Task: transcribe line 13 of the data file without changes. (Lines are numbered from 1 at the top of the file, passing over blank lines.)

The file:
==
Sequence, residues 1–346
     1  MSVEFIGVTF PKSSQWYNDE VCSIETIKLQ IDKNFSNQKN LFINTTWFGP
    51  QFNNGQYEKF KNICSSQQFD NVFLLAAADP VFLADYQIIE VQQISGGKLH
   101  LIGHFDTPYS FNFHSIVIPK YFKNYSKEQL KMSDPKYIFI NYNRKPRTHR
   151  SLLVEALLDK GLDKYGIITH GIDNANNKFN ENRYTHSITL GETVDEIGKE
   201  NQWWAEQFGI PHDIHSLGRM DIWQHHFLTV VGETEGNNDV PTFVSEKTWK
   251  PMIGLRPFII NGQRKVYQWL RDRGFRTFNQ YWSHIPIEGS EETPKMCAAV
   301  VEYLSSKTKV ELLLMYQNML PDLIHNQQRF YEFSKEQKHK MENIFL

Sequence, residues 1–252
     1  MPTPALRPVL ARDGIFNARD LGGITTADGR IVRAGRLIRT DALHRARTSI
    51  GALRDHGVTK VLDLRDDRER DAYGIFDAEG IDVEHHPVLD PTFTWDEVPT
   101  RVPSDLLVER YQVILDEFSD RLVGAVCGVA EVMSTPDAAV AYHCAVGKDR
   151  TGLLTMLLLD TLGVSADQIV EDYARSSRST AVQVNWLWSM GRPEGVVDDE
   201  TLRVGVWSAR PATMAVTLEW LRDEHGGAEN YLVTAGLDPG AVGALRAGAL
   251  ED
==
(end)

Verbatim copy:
   151  TGLLTMLLLD TLGVSADQIV EDYARSSRST AVQVNWLWSM GRPEGVVDDE